Astronomy Picture of the Day
November 3, 2014

Hard Dunefield (CTX Frame)
Hard Dunefield (CTX Frame)

Credits: NASA/JPL/University of Arizona - Credits for the additional process. and color.: Dr Paolo C. Fienga/LXTT/IPF

This ConTextual Image (or "CTX frame", for short), taken by the NASA - Mars Reconnaissance Orbiter on September, 15, 2014, shows us that many Dunes and Ripples on the Red Planet are still very active. This demonstrates that, in some areas of Mars, Sand is loose enough, and Winds are strong enough, that some significant change can occur at any given time.
Nevertheless, other Martian Dunes are clearly *inactive*. This image, that represents a small portion of the Region known as Arcadia Planitia, shows us Dunes found on the Floor of an Unnamed and (relatively) small Impact Crater (located at about center frame). Said that, if you pay attention to the aformentioned Dunes, you will notice (much better in tomorrow's Extra Detail Magnification) that, unlike the Active Dunes of the Red Planet, those here are bright, and, zooming in, there are several lines of evidence indicating that the Dunes themselves have become indurated (---> such as hardened into "Cohesive Sediment" or even into "Sandstone Rock").

For example, the Dunefield visible at the Southern Edge of the Crater, is cut off by a so-called "Step-Cliff", which is a data indicating the occurrence of erosion of hard material. Although fine scale Ripples on the original Dune Surface are still well preserved, we can also see large scale Fluting from the South/West to the North/East: a common Surface Texture associated with Wind-induced Sand Abrasion.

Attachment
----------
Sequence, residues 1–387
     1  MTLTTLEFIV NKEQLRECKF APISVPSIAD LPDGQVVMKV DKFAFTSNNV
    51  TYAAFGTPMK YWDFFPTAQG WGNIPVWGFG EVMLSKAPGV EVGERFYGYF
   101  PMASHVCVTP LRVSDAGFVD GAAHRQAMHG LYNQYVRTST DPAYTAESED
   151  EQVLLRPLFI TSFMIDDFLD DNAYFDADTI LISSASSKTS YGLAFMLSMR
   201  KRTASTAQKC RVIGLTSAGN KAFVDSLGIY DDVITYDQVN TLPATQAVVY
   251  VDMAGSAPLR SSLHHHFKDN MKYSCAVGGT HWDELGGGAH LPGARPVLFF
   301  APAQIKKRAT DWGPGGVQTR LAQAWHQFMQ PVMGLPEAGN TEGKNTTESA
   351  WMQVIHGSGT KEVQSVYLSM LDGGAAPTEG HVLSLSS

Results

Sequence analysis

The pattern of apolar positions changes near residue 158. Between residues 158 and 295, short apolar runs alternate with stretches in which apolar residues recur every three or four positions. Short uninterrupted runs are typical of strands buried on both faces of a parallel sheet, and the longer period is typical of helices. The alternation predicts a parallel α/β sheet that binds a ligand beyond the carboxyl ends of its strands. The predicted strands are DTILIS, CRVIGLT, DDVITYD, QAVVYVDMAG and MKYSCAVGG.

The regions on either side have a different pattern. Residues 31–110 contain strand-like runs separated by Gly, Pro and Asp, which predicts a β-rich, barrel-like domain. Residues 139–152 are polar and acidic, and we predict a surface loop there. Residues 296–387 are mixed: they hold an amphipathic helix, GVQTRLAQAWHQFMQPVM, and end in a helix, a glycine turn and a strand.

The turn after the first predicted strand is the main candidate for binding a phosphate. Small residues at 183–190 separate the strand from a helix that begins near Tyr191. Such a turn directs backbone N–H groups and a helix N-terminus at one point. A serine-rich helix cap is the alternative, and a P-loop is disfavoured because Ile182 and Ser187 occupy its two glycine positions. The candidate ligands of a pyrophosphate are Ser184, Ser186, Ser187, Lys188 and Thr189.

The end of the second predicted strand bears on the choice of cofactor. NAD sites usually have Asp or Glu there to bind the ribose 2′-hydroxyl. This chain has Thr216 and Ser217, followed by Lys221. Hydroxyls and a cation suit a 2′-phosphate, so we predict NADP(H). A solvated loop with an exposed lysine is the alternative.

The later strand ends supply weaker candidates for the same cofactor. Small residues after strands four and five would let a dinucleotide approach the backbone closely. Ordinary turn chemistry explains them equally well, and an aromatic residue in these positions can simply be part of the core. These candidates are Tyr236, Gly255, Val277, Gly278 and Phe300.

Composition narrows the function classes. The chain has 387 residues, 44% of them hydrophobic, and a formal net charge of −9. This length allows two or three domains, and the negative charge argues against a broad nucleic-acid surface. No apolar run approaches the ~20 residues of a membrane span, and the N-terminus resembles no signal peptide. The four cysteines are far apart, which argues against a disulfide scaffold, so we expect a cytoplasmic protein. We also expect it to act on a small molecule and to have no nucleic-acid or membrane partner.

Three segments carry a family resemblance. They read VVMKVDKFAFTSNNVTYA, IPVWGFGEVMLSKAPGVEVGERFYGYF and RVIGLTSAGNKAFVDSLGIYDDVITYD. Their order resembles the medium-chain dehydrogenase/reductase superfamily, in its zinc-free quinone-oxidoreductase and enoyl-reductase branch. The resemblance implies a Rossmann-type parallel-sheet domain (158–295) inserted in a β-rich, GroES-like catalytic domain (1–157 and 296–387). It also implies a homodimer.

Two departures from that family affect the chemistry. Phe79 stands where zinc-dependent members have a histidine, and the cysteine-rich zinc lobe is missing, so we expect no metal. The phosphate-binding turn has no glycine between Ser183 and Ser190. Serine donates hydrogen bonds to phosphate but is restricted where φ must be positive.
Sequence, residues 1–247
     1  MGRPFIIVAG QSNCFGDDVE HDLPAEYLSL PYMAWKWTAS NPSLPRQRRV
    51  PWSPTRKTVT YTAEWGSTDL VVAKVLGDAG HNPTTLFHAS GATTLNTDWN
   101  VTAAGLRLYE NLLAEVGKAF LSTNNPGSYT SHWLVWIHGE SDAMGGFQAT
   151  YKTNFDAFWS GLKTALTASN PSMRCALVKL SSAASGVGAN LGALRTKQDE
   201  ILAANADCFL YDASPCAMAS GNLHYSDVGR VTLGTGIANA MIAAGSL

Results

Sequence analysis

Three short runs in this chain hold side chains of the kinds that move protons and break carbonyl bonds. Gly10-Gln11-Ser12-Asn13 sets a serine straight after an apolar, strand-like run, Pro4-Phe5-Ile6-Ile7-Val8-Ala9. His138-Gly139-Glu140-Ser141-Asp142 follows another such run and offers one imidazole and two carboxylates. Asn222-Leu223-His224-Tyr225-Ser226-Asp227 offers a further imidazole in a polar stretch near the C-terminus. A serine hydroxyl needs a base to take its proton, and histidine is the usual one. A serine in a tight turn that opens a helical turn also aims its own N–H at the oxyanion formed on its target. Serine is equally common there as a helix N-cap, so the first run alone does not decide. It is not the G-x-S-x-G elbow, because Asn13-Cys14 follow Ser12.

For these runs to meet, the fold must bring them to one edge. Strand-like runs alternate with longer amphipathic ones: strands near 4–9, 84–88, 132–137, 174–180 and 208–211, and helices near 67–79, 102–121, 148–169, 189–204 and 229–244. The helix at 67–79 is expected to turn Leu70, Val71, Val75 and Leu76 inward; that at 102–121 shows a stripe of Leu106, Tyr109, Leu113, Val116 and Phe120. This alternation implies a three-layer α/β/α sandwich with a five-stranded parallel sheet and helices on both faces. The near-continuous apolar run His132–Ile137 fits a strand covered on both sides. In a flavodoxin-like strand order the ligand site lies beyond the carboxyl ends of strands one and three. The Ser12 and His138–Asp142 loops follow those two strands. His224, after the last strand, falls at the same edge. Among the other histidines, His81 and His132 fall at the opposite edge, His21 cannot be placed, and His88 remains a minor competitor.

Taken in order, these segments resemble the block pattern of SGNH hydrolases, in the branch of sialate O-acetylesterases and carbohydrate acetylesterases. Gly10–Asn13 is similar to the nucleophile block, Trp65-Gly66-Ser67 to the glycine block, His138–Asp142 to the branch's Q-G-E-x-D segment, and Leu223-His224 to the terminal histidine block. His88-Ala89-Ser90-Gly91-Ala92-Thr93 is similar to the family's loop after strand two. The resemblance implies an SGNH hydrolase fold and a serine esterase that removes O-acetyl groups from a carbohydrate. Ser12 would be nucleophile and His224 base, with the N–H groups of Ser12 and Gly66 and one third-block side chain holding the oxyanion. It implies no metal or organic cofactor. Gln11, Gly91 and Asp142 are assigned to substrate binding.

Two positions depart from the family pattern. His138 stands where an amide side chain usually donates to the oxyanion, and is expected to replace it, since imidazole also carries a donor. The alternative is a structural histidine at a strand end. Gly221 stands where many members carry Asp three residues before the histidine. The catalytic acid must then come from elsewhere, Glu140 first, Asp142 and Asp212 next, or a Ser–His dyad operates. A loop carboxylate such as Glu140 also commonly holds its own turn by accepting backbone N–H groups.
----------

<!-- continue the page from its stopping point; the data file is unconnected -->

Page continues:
How these Dunes became indurated is still unknown, but one possibility is that this area of Mars was buried and then exhumed: a process that seems to have occurred many times in the Martian past and over various areas of the Planet. As a matter of fact, the Geologic Events of Burial, Compaction and - possibly - Ground Water Circulation, could well have indurated the Dunes, leaving them as a hard Sandstone that, when exhumed, was subsequently - and partially - eroded by a powerful Wind-action.

Mars Local Time: 15:39 (Middle Afternoon)
Coord. (centered): 39,983° North Lat. and 202,596° East Long.
Spacecraft altitude: 299,2 Km (such as about 185,803 miles)
Original image scale range: 29,9 cm/pixel (with 1 x 1 binningso objects90 cm across are resolved
Map projected scale: 25 cm/pixel
Emission Angle: 3,4°
Phase Angle: 66,0°
Solar Incidence Angle: 69° (meaning that the Sun was about 21° above the Local Horizon at the time the picture was taken)
Solar Longitude: 196,7° (Northern Fall - Southern Spring)
Credits: NASA/JPL/University of Arizona
Additional process. and coloring: Lunar Explorer Italia

This picture (which is a NASA - Original Mars Reconnaissance Orbiter b/w and NON-Map Projected Sub-frame identified by the serial n. ESP_038143_2205) has been additionally processed, reduced in size to fit the page, contrast enhanced, Gamma corrected, and then colorized in Absolute Natural Colors (such as the colors that a human eye would actually perceive if someone were onboard the NASA - Mars Reconnaissance Orbiter and then looked down, towards the Surface of Mars), by using an original technique created - and, in time, dramatically improved - by the Lunar Explorer Italia Team.

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